My eldest son Kieran was a bit mystified when I told him I was going on silent retreat for a week. “What are you going to do?” he asked. “Good question”, I replied. And my youngest son Sean was surprised (pleasantly, I think) when I phoned him a day into the retreat. “I thought you weren’t allowed to speak!” he said. “It’s your birthday”, I explained.

I had come to Noddfa, a big old house in a stunning location on the North Wales coast and whose name in Welsh means place of rest or refuge. To the front of the house are views over the beautiful Conwy Bay and to the back are the steep, bare hills of Snowdonia which rise rapidly to 1,000 feet in height. Following my birthday greetings to Sean I switched off the phone and gradually sank into the silence. With reference to Kieran’s question, I walked a lot, for one thing: up in the hills, and along by the sea. I even swam in the sea the first couple of days when the weather was still warm. It was pretty fresh at the end of September, but nice!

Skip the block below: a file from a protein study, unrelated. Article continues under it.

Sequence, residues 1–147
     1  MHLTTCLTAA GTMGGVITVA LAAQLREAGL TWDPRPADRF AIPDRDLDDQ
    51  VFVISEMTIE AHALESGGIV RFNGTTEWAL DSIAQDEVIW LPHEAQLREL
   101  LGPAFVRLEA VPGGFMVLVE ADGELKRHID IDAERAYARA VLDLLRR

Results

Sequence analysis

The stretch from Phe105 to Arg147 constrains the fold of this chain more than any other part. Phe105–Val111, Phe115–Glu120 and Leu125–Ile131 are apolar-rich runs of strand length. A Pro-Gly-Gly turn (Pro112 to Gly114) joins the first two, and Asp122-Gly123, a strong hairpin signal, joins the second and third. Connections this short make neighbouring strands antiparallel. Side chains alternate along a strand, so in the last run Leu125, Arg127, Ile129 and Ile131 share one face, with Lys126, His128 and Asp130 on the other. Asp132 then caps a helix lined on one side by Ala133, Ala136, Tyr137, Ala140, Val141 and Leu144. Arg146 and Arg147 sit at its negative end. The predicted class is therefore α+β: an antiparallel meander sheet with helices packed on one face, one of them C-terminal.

Besides all the walking I also took the time to just sit, whether on a bench in the garden or down at the seafront café with a cup of tea and a slice of bara brith (Welsh fruit cake). It was a week of living quite simply and slowly. I noticed as the days went by that my breathing had become slower and deeper. Even my walking slowed down. I wasn’t in such a hurry, and I was a bit more mindful of what was around me: the touch of a leaf, the sight of a squirrel eating a nut, the shiny feel of a conker, walking barefoot in the lush green grass or on the beach, the gentle sound of rain in the trees or on my face as I was out for a stroll (it was Wales; there was quite a lot of rain!). Eating becomes more of a sensory experience when on retreat. I enjoyed looking at the colours and textures of the food, the touch of certain things, and the careful chewing and an increased awareness of the taste. Half way through the week during breakfast I suddenly noticed the subtle pictures on the cereal bowl (I don’t normally eat cereal but I thought ‘I’m on retreat, let’s go mad’!). Those pictures on the bowls must have been there to start with but I just hadn’t really seen them! So I suppose what I did during that week was begin to notice, to be a little more aware of the world around me, of what I was eating, seeing, listening to; also of what was happening within me. There were the ups and downs in mood that take place in any week, but there was the opportunity on retreat to be a bit more conscious about this.